Calixtines (G. Bareille)

October 4, 2016

Originally posted 12/19/2015.

This is a very rough translation of the article “Calixtines” by G. Bareille in the 1905 Dictionnaire de théologie catholique 2:1364-1369 (Paris: Letouzey et Ané, 1905), pages 679-681 of the PDF <https://ia800301.us.archive.org/21/items/dictionnairedet02pt1vaca/dictionnairedet02pt1vaca.pdf>. Holy Mother Church teaches in its Catechism, 1390 Since Christ is sacramentally present under each of the species, communion under the species of bread alone makes it possible to receive all the fruit of Eucharistic grace. For pastoral reasons this manner of receiving communion has been legitimately established as the most common form in the Latin rite. But ‘the sign of communion is more complete when given under both kinds, since in that form the sign of the Eucharistic meal appears more clearly.222 This is the usual form of receiving communion in the Eastern rites. 222General Instruction of the Roman Missal 240.”  The Servant of God Fr. John A. S. A. Hardon, S.J. observed, “Not all Calixtines, however, were heretics. They could be Catholics who took advantage of the Church’s concession to receive the chalice but also believed that Holy Communion under both forms was not necessary for salvation.” In that sense, you or I could be considered Calixtines because of our habit of receiving the Most Precious Blood of Christ when we attend the Holy Sacrifice of the Mass.

To Bareille, who was Professor of Patrology at the Catholic University of Toulouse, Eternal Memory!

Calixtines

This name, taken from the Latin word calix, used to describe, among supporters of John Huss, who in the fifteenth century, reducing the minimum of their claims to four articles, vindicated especially the use of the chalice or communion under both species for the laity. Communion sub utraque was not unknown in Christian practice, see COMMUNION UNDER BOTH SPECIES [Vol. 3, col. ####; PDF ###-###], but the Church had long prohibited it because of its disadvantages. Huss himself, at least in its early days, had not thought to resume this use without the express consent of the Church. But some of his supporters, under the inspiration of Jacobel, vindicated the right to practice it. And the Council of Constance, faithful to the prescriptions of the past sages and suspecting moreover, not without reason, that this innovation masked some dogmatic error on the real presence, condemned in its thirteenth general session, June 15, 1415. [Gian Domenico] Mansi [Catholic], t . XXVII, col. 726-728 [PDF ###]; Hardouin, t. VIII, col. 380-382; [Karl Josef von] Hefele [Catholic], Histoire des conciles, French trans. Paris, 1876, t. X, p. 477-478. But neither the Archbishop of Prague or the king of Bohemia, Wenceslas could enforce the decree of the council. Jacobel composed a violent diatribe against the Fathers of Constance he called “the doctors of the use.” And Huss, changing of attitude that prisoner, hastened to write to his disciple Haulick, who had replaced the flesh in Bethlehem, not oppose the use of the chalice, not to fight Jacobel, and his friend Christian to adjure Bohemian nobility of having to defend a use which the council had to ban contrary to the teaching of the Gospel and the primitive tradition. The execution of Huss, which occurred on the following July 6, aroused the indignation of supporters of the chalice and excited a bloody revolt in Bohemia. Despite the intervention of the Bishop of Leitomysl, who was powerless to avert the storm, the nobility sent a protest to the council, notifying its refusal to obey. The use of the chalice was maintained and widespread; it became a rallying sign, the symbol of Calixtines.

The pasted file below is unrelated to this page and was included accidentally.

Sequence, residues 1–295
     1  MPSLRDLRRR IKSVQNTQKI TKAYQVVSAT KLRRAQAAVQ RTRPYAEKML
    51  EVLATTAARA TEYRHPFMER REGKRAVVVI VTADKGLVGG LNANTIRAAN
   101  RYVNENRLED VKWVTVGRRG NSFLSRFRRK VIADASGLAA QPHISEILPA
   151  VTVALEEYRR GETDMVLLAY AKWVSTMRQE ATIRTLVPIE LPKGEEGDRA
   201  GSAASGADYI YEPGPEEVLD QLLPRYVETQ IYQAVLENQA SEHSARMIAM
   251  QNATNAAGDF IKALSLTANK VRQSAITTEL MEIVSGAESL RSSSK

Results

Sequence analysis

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Tsarevich Dimitry of Uglich Died Accidentally

October 4, 2016

Originally posted 9/9/2015.

 

Tsarevich Dimitry Ivanovich of Uglich (10/19/1582-5/15/1591), the youngest son of Tsar Ivan IV the Terrible, accidentally killed himself by stabbing himself with a knife during an epileptic fit.